In a start-up, you have to do most of the work yourself - planning, requirement analysis, design and development, etc. Thus, your skills increase manifold, you are knowledgeable about every phase of the business, and you have thrice the practical experience of a peer who is in an MNC.
Thus, MNCs offer lucrative professional growth, while start-ups offer personal and professional growth.
Start-ups have smaller office spaces, basic software, no personal training, and limited facilities, overall. The atmosphere too, is casual in terms of dressing, behavior, and etiquette. There is a familiarity and friendship between all the employees, including the founders.
For start-ups, every employee has to work impossible hours - at 4 in the morning or 7 in the evening. You have to manage everything yourself; there is no strong shoulder to lean on which is why, you must join a start-up if you are genuinely interested in the work, want to experiment, with not many personal liabilities.
Start-ups are unknown, at least in the early stages, since marketing funds are put on the back burner until projects are sorted out. If you quit a start-up, most companies in the market would be unwilling to hire you; your skills have no recognized value, there is less trust factor, and less credibility.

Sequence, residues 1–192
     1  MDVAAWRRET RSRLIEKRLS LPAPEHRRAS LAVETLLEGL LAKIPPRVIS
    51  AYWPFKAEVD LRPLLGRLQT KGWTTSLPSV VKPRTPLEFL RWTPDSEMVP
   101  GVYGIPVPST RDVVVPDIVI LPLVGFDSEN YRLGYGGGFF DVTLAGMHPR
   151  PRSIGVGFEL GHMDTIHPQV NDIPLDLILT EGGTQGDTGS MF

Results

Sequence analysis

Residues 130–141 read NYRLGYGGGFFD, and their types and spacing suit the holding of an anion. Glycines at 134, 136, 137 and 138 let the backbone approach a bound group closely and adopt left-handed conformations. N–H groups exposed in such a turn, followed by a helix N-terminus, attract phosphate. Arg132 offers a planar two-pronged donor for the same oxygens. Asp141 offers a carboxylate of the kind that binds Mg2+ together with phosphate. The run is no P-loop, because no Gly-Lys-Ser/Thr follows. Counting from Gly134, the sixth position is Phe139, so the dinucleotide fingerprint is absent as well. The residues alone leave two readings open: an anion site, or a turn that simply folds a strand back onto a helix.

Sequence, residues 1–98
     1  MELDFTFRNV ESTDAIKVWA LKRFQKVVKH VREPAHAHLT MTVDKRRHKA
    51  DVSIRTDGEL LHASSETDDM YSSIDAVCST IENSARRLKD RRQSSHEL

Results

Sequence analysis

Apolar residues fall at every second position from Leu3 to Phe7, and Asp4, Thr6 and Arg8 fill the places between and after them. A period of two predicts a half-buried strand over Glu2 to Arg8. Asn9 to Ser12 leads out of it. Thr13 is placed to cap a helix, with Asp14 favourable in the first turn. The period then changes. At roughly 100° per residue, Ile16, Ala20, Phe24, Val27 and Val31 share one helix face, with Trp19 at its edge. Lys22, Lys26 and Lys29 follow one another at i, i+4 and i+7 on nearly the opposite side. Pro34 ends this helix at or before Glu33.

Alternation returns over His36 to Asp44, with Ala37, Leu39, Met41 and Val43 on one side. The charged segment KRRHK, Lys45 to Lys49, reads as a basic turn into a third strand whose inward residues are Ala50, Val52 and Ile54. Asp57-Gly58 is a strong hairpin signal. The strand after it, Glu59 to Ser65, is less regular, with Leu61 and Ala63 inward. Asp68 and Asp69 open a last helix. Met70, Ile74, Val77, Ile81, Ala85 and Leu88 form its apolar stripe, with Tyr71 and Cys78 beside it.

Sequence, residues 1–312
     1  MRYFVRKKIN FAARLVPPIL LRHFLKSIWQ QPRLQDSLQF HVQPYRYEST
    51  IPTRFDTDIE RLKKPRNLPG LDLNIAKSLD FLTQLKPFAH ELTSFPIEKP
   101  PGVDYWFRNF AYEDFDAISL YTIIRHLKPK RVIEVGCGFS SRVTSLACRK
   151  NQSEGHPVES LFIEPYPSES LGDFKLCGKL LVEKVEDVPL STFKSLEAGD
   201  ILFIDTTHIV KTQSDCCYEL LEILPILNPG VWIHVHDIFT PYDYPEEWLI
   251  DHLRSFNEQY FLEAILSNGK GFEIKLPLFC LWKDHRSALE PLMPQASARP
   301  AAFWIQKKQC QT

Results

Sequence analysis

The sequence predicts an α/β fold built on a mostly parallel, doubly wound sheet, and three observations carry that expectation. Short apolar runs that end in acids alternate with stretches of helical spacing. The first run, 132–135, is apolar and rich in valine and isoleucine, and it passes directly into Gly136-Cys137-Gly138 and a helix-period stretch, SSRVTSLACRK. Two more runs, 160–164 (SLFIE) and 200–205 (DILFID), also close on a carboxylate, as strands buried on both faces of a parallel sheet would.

Start-ups hardly offer any of these perks, however, the ESOP plan benefits start-ups more in the future - if the company advances at a rapid level, you, as an initial shareholder, will receive more stock options than others who will join the company later.
But, if a start-up fails, you lose your job altogether. You do not have any reliable senior to turn to for advice. There may be no PF or any other plan, and there is no guarantee that you'll find a job immediately.
Whether to prefer a start-up or an MNC is purely a matter of perspective. It would be prudent to state that a start-up is an ideal option for people who are not very finicky about excellent remuneration and myriad perks in the beginning of their career, and instead are open to learning technologies and gaining experience at the grass-root level.
On the contrary, an MNC is a good choice for those who are interested in learning particular tools under an experienced wing, those who have to shoulder a huge responsibility, or the ones, who, if given a choice, would prefer to follow than to lead.